Welding on profile wire presents some challenges.
- The adjacent wires in the heat affected zone are weakened and now more likely to fail.
- Most customer work is bulky by comparison to factory welds that are 2 ~ 3 mm’s wide. Unnecessarily thick welds will become a likely place where profile wire will fail again.
- Always have 2 ~ 3 spare complete panels of profile wire on site. In the case where you have single panel with several small repair, it’s better to replace the entire panel.
- Contact Jyour vendor and request a welder, try toprovide as much lead time as possible.
- If a patch must be welded in place, use an oblong shape as the corners on square or rectangular patches are high stress points during radial and axial growth and contraction.
Scallops and Scallop Bases:
Scallops direct the feed gas flow radially across the entire catalyst bed. When they get damaged or flattened, it’s due to high catalyst bed pressure. When this occurs, the feed gas flow down the scallop(s) isn’t uniform and will result in uneven flow distribution across the catalyst bed. Many times there’s a perceived catalyst performance issue, but the catalyst itself may simply be underutilized. Flattened scallops also open up the volume of the catalyst bed, and with that you should expect you’ll need more catalyst than design to reload the Rx’s and bring the reduction zone up to the correct level.
Some customers decide to leave these flattened scallops in place (regardless of advice), as they weigh the pros and cons of repair and downtime versus the loss in equipment performance.
If you do change out scallops, always salvage the base. Most newer scallop designs have reinforced bases and having a spare can be a lifesaver-As these reinforced bases are not quickly fabricated in a refinery machine shop. Another tip is to keep some scallop material (punch plate) because it can easily be used to fabricate small patches for centerpipe repair.
While standing near the bottom of the scallops, look for damage at the base of each one. It’s not unusual to find them crimped, and this is why more recent designs are reinforced.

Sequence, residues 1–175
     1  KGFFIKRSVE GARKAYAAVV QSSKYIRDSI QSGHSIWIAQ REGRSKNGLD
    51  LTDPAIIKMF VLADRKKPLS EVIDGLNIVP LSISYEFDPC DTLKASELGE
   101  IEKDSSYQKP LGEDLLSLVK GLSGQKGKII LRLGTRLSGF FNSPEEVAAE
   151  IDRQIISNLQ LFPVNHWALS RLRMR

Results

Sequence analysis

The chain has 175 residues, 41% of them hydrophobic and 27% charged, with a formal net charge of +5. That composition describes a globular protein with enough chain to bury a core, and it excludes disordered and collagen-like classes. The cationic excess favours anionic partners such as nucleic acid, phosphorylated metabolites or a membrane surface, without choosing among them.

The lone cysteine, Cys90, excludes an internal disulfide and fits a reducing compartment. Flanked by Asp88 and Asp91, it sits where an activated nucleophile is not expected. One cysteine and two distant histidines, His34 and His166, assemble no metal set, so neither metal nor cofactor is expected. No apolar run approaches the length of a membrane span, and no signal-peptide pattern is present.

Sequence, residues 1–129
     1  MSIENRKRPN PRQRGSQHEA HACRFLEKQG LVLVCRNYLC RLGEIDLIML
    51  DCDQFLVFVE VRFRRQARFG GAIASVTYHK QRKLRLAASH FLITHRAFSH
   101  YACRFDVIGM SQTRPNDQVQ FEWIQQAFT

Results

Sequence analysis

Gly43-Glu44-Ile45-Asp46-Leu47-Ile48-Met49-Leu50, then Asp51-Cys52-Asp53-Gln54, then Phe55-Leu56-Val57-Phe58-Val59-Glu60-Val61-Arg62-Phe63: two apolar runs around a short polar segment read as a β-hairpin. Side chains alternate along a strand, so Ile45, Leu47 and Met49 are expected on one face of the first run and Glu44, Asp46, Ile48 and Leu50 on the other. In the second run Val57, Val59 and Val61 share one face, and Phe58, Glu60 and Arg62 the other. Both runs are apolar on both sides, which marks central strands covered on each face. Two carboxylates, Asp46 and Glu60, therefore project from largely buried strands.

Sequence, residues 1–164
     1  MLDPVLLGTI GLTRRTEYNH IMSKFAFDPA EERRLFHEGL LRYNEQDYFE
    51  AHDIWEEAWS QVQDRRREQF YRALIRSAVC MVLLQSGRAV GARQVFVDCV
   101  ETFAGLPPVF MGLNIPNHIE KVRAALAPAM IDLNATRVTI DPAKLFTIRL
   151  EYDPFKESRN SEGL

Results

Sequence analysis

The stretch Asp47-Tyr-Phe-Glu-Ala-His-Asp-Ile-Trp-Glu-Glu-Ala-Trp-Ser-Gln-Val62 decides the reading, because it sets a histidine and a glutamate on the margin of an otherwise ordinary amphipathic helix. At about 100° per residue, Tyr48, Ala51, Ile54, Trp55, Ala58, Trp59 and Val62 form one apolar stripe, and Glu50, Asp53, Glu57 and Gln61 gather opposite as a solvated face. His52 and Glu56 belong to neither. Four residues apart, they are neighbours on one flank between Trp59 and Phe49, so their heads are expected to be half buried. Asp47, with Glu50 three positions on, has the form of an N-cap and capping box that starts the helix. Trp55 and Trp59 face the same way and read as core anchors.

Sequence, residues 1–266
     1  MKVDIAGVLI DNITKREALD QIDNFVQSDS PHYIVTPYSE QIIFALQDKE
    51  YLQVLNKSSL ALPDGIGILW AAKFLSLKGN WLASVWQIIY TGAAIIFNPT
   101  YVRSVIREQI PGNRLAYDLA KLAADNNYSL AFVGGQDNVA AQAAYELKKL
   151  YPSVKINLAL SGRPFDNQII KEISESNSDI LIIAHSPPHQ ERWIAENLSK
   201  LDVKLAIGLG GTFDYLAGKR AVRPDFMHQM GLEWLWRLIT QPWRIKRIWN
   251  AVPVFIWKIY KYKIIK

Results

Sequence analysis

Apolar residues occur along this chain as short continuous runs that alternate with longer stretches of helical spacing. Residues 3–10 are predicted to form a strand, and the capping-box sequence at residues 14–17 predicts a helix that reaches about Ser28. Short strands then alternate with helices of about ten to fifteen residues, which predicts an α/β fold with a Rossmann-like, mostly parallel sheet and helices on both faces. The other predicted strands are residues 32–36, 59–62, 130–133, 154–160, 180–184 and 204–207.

This damage (left) was caused by axial stress and will also shorten the design scallop riser height above the coverdeck. Also, look at the scallop support ring that the scallops rest on and the lugs that are welded to the Rx wall that support the ring. These lugs are generally not a problem, but with larger units the weight of the scallops and axial load during operation has driven some licensors to add more lugs. Make sure there are no cracked lugs or welds to the interior Rx wall.
From top down and bottom up an inspector will inspect and document what they find. Many of these images were taken during an inspection. An important aspect of inspection is identifying static areas where coke growth has begun or Metal Catalyzed Coking (MCC) has formed. Look between and behind scallops to locate any coke growth. Eventually it needs to be removed but may need to be retained for further analysis e.g., amorphous coke or MCC.
Expander tings are pretty simple in design and purpose. These rings are primarily there to provide support for the scallops when the Rx is empty, as the catalyst will hold the scallops in when loaded.
As you can see (below right) there is an adjustment to set how the ring fits. There will be specifications in your design and engineering manuals and that should be referenced. Once you’ve seen these rings a few times it’s pretty easy to simply lift the ring and see that it isn’t tight against the scallops, but not too loose.
As you work the length of the Rx, periodically take a measurement of the annulus 90° apart and document the level where the measurements were taken and the gap. This will identify a few things, but also will help in estimating how much additional catalyst may be needed if there is scallop flattening. If the scallops are in good shape, the annular gap should be pretty consistent.
A plumb line or equivalent may also be used by the inspector to check how true the centerpipe is to vertical.
As an additional observer you should also be alert to wire damage and how fouled or plugged the screens are with catalyst. Note: Do not use carbon steel brushes to clean the screen or punch plate. The carbon steel will rust, and the iron left behind can support MCC growth. Use stainless steel brushes and avoid using wire wheel as they can damage the profile wire.
It’s always fair to ask if one of the refinery personnel can shadow the inspector to learn from them, but that has to be worked out ahead of time with the inspector.
If you have any questions or concerns, please add them as a question to this post.